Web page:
I would like to begin this report by expressing my gratitude to the Getty Foundation as well as to CIMAM’s Travel Grant Committee for giving me the opportunity to join the 21 grantees among museum professionals and independent curators in this conference, which proved to be an extraordinary experience. My appreciation goes also to Inés Jover and Jenny Gil Schmitz for their invaluable support before and during the event. In Doha, I could not fail to mention Mathaf’s team, who welcomed everyone with great enthusiasm and generosity.
I arrived in Qatar right after the museum I work for went through major and sudden changes in its structure as consequence of undue interferences in the process of curatorial decision-making. The conflicts of private funding vs public interest were very alive at the back of my mind while I listened to Hito Steyerl inspired talk at the opening of the conference. Her use of metaphors such as the “free port” and the collapse of space and time as means of creating new possibilities for contemporary art set the tone for the beginning of the debate.
In a way, her talk was echoed and taken even further by Maria Lind’s presentation. Lind highlighted the importance of smaller institutions in generating opportunities for risk and experimentation, which are central to contemporary art practice. Once, she argued, museums and museum professionals are being valued by efficiency and quantification, criteria used in the corporate world, they are reducing dramatically their capacity for assuming risks. On a similar note, Olav Velthuis brought impressive statistics about the boom of the art market, stating that collectors are becoming more important than institutions in terms of valuation and validation of contemporary art.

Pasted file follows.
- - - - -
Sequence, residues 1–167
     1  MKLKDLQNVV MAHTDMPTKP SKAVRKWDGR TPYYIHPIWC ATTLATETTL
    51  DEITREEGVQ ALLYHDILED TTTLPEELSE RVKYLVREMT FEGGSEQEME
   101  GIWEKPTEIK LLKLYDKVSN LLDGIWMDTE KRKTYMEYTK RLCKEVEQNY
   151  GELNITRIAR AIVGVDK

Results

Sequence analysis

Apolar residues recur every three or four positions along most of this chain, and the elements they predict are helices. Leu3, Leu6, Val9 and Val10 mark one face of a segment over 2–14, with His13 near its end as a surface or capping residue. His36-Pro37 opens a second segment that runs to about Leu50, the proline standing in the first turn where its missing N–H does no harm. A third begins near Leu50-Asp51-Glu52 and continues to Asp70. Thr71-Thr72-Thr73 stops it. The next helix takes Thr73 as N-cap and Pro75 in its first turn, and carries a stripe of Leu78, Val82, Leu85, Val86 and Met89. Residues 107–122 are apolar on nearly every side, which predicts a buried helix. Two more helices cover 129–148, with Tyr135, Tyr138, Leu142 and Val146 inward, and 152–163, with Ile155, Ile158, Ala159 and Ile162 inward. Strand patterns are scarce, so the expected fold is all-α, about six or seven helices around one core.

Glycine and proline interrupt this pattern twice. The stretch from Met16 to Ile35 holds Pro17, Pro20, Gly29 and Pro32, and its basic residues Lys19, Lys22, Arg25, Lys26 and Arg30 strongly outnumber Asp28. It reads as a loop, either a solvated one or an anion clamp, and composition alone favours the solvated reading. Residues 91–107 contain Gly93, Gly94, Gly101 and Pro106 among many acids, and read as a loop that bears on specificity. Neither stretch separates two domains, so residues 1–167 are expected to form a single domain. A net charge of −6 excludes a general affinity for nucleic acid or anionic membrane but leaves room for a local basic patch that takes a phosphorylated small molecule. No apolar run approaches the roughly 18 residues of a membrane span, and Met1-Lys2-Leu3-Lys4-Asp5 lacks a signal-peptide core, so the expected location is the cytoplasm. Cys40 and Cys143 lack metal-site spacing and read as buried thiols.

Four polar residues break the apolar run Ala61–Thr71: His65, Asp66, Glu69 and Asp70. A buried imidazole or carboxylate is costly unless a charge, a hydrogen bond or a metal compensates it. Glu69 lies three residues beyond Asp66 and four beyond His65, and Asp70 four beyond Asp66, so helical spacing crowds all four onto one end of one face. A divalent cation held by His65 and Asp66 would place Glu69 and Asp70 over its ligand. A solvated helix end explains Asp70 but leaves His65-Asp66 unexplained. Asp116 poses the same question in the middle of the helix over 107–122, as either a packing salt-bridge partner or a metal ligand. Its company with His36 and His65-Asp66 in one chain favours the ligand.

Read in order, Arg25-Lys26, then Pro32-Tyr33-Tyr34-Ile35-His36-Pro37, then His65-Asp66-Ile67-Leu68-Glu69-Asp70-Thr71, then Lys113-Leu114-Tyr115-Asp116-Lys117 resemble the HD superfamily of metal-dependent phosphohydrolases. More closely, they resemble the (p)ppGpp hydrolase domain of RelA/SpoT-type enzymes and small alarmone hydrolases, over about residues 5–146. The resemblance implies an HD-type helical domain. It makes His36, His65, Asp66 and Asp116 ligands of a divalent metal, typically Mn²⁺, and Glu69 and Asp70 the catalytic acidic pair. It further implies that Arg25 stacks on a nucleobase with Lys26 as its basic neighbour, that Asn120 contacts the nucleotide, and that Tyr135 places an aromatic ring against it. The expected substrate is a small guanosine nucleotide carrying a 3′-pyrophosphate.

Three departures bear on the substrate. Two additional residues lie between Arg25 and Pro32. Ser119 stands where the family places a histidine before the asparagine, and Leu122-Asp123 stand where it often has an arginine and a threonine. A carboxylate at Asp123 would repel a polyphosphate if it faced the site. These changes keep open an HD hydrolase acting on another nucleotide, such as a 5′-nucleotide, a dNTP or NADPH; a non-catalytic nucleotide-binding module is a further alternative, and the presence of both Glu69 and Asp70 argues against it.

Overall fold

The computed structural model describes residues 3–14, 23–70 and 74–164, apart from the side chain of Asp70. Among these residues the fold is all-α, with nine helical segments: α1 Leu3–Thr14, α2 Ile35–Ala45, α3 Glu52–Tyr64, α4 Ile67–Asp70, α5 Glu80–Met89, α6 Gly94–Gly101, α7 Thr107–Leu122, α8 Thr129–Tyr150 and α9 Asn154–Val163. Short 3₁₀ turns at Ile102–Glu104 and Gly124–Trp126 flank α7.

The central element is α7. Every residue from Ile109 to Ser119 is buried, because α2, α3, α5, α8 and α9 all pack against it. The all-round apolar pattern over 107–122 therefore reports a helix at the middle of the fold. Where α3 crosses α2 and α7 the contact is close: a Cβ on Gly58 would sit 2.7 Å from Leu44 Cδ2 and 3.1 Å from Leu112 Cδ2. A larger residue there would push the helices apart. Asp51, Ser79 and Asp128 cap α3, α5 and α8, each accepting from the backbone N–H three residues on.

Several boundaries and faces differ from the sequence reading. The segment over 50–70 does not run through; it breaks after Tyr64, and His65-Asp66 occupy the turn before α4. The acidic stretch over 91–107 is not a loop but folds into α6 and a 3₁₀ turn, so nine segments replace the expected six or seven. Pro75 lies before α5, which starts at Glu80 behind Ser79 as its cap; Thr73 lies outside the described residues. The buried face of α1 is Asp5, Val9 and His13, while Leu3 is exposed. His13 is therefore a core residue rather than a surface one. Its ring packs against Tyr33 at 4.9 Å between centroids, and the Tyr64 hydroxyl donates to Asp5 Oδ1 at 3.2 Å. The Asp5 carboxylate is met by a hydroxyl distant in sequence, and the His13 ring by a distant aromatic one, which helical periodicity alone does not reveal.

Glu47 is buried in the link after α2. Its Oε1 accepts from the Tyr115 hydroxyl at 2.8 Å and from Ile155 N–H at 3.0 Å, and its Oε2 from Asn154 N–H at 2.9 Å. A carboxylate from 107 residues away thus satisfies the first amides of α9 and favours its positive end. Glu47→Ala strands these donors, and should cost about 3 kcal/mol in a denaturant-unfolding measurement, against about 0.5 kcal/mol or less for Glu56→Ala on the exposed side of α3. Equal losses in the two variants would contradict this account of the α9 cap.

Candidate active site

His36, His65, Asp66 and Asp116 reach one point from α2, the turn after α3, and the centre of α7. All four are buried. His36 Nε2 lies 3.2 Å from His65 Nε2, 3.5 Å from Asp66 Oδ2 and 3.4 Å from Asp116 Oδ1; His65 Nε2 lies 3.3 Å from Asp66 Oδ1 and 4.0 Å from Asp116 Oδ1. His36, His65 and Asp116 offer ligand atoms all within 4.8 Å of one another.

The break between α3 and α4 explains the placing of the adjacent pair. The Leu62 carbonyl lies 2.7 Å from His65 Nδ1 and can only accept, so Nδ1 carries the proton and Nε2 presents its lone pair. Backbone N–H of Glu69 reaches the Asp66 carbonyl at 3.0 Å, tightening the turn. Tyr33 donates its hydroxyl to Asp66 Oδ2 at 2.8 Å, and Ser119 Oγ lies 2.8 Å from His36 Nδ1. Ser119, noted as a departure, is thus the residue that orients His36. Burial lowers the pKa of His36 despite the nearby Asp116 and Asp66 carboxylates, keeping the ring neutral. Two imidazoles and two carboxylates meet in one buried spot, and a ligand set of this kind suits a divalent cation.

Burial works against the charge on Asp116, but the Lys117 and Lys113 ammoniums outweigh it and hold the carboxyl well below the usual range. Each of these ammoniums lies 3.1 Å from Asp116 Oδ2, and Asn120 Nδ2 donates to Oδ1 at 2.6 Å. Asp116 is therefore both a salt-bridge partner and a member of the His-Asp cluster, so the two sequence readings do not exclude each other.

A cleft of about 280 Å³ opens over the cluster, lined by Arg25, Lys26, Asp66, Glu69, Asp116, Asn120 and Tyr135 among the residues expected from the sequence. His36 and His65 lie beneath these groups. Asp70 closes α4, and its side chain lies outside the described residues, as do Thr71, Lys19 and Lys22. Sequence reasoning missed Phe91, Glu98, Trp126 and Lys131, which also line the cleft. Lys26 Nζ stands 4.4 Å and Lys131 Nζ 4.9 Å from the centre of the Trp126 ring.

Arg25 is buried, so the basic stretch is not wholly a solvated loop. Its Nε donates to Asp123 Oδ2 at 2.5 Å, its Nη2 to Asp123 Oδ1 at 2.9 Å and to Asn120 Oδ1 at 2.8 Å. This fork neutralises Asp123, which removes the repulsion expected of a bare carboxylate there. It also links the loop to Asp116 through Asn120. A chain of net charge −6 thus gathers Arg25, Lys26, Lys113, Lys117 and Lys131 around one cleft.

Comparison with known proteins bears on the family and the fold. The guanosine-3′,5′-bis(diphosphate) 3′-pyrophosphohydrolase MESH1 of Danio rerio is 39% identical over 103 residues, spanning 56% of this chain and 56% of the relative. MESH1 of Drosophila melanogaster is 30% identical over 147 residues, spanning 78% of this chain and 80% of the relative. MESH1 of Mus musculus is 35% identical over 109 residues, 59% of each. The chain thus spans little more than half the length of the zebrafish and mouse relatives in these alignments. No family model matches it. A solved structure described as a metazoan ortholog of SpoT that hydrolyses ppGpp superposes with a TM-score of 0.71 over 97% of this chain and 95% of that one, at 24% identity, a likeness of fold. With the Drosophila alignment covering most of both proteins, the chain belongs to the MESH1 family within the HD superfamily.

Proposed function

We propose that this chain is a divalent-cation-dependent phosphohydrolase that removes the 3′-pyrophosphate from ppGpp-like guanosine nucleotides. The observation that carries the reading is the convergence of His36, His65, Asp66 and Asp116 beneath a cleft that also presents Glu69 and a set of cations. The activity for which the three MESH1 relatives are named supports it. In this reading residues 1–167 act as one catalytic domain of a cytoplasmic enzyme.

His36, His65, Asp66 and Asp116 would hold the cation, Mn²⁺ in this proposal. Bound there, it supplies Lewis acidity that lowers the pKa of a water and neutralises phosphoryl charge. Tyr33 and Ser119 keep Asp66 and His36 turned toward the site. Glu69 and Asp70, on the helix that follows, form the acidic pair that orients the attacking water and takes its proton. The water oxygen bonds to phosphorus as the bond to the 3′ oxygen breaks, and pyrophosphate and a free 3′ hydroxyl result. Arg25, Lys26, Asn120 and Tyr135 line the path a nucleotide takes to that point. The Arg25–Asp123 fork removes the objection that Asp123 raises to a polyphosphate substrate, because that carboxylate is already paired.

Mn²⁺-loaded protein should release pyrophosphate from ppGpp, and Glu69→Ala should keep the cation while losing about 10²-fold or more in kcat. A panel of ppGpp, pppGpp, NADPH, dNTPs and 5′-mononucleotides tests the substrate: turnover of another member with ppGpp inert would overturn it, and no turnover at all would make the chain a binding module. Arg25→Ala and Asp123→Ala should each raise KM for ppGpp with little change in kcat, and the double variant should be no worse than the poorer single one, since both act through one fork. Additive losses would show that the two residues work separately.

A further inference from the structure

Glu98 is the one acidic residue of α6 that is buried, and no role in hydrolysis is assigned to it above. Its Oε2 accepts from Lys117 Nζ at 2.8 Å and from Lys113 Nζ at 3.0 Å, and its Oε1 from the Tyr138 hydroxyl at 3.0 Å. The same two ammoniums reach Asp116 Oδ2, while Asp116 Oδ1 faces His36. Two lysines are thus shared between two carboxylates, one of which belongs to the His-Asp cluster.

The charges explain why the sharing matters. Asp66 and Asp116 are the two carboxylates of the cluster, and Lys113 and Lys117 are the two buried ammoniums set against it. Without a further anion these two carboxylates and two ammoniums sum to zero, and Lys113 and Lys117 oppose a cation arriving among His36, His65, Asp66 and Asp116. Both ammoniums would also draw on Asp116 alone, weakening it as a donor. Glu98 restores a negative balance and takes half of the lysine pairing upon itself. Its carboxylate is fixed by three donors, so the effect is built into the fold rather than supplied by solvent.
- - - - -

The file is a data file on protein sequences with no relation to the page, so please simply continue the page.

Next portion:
Graham Beal addressed the successful effort the Detroit Institute of Arts undertook in search of a deeper engagement with its audience. Rana Sadik, Shirin Neshat and Abdellah Karroum brought the conversation to the Middle Eastern reality, emphasizing the vitality of the artistic scene in spite of the lack of institutions in the region. Sadik raised what was, in my point of view, one of the most interesting questions up to then –actually, something that would return to my mind while visiting the Museum of Islamic Art later that same day–, which had to do with the meaning of museums in places where the largest part of the population is made of temporary residents. Neshat’s conversation with Karroum was very much a testimony on her artistic trajectory, touching on issues such as the conditions of being a woman artist of Iranian origins and her purpose to work from the intersection of tradition and contemporaneity.
Overall, the first day put me to think about two main topics:
- How institutions, having to survive as such, are more and more submitted to rules alike those of the corporate world, losing sight of their role as spaces for independent thinking and research;
- Who are we building institutions for?